list_of_numbers.include?(2)

But you could also leave out the parentheses in this case (and lots of Rubyists do) because it’s prettier and easier to read:

list_of_numbers.include? 2

Sure, there’s a few rules about this. You have to put a space beforehand instead of parenthesis (otherwise Ruby would think you were trying to run a method called include?2 which doesn’t exist).

The point is, you can try many different ways of getting at the same issue, and get an answer to your question in many ways. Rather than get stuck on needing to know the exact way to write something, you can solve your problem in more than one way.

The same is true for software applications, like AutoCAD. As a user, you can type into the command line, navigate towards a button, or use drop-down menus. In addition, you can choose to draw a line with at least eight different tools (line edit, polyline, arc, points, etc). One way isn’t better than the other — they’re just all different tools for drawing. Having many different ways to get shit done makes it easier for people to remember the technique that works best for them.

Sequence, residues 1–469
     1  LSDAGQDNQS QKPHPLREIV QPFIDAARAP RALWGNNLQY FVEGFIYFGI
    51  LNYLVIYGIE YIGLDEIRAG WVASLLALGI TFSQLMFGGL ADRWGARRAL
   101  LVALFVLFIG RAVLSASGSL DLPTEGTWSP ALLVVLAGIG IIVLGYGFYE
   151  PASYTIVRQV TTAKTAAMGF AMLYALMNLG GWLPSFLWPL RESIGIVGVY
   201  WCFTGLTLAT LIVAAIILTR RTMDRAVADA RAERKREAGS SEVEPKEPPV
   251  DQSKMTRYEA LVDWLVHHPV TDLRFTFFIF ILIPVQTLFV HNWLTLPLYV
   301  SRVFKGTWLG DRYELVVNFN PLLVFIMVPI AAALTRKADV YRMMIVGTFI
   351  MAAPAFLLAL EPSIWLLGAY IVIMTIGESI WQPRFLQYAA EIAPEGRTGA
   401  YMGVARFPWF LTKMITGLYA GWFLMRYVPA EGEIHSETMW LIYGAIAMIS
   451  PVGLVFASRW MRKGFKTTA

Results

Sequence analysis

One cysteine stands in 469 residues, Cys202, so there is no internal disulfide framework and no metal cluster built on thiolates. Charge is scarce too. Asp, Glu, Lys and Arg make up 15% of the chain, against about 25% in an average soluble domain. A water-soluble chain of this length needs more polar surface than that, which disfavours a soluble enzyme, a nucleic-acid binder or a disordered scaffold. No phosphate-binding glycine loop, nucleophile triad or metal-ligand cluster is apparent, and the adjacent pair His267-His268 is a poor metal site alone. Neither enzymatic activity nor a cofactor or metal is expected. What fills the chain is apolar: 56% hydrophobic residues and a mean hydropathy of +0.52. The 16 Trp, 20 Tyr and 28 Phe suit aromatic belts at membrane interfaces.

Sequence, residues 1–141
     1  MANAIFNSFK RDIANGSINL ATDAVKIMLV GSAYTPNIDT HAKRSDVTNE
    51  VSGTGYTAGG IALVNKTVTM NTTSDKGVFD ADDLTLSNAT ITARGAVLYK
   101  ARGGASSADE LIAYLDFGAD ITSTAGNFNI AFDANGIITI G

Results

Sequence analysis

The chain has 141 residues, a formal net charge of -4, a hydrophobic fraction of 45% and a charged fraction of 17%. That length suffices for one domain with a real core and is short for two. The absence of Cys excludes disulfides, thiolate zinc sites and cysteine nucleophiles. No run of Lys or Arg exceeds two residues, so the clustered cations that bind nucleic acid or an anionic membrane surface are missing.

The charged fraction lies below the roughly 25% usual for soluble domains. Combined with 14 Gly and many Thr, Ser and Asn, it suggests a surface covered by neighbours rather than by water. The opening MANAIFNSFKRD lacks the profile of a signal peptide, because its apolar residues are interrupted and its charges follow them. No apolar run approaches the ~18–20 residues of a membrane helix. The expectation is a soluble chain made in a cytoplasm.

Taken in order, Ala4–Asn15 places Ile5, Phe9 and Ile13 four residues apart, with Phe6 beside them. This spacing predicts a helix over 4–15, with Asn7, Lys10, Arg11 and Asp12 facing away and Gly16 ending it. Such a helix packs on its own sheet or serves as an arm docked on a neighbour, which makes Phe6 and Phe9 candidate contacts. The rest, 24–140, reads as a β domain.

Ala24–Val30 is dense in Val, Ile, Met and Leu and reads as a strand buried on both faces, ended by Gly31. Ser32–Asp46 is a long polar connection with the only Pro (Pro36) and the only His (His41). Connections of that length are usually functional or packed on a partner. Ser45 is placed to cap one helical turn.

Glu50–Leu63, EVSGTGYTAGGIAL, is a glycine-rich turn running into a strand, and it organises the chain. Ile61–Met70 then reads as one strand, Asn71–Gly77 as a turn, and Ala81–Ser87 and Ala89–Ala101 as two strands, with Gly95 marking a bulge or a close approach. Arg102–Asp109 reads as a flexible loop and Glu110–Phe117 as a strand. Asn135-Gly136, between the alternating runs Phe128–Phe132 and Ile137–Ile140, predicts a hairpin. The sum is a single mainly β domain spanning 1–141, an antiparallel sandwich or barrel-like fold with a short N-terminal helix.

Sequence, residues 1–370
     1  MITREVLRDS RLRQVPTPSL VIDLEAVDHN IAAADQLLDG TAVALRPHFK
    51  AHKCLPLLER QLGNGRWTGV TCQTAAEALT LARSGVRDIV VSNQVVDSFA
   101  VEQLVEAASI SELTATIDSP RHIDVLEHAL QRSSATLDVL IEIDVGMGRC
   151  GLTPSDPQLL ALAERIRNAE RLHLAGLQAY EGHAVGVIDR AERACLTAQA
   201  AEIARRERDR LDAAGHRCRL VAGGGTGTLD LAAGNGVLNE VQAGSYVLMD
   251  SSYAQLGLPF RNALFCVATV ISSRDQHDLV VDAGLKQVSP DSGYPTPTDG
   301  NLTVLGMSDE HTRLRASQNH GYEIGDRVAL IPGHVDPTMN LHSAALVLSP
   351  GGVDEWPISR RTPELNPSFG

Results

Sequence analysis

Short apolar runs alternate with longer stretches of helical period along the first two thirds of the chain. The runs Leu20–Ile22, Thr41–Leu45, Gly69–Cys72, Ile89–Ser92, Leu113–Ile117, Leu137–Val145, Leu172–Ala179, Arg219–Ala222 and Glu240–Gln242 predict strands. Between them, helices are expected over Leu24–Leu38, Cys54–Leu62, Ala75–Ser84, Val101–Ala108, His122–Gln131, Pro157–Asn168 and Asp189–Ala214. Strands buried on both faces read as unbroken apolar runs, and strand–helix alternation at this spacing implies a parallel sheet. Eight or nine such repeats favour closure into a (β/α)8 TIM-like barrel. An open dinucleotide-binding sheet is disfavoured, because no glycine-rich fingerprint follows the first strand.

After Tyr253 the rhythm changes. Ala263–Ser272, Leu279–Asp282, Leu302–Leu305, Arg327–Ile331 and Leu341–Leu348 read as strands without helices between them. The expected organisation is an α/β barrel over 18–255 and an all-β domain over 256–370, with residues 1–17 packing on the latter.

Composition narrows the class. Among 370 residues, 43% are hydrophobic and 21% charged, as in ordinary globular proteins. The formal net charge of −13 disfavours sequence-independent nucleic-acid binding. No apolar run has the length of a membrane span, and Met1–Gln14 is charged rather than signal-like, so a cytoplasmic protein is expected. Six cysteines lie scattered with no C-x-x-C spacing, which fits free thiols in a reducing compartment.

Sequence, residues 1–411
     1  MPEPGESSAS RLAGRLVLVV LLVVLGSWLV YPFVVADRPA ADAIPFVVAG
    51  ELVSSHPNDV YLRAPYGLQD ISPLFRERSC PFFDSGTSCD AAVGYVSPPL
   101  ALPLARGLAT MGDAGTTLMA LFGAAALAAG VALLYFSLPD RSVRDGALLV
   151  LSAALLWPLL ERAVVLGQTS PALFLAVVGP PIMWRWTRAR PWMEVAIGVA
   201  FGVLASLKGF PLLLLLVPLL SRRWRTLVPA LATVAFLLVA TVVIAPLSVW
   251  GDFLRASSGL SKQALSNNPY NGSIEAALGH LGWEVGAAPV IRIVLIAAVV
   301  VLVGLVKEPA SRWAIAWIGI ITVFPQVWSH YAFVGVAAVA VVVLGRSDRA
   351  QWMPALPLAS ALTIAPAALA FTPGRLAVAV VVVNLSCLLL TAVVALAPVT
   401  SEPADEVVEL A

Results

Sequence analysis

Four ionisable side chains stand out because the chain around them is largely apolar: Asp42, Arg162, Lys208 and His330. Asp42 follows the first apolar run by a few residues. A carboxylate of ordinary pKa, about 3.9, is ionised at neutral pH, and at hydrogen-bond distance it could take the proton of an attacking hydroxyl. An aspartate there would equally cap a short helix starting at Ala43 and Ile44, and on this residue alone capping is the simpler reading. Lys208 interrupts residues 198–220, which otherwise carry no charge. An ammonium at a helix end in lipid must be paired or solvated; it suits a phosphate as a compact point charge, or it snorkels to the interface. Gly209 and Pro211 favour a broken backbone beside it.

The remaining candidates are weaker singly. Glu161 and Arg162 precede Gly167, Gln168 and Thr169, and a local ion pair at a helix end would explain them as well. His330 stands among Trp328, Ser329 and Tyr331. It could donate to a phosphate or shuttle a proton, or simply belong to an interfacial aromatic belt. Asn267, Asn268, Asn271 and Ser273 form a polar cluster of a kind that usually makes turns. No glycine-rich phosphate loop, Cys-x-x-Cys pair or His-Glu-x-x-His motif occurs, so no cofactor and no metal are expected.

Flexibility! It’s a beautiful thing.

I’ve never understood why people thought that having multiple ways of doing something was a bad thing. When you’re first learning, you have to grasp and understand whatever concepts you can, as a starting point.

Meanwhile, a language like JavaScript is a truly hard language for beginners to learn, because there are so many specifics that don’t come naturally to a beginner, and you have to do them that way. I’m not saying you can’t learn it, but the amount of times I’ve heard beginners so frustrated they were ready to give up because they’ve forgotten a “;” somewhere and have no idea where.

If you’re interested in reading more about why Ruby is a great language for beginners, check out Why’s (Poignant) Guide to Ruby. It’s one of the most beautifully and interestingly written pieces about programming, and is one of the biggest reasons I fell in love with Ruby in the first place.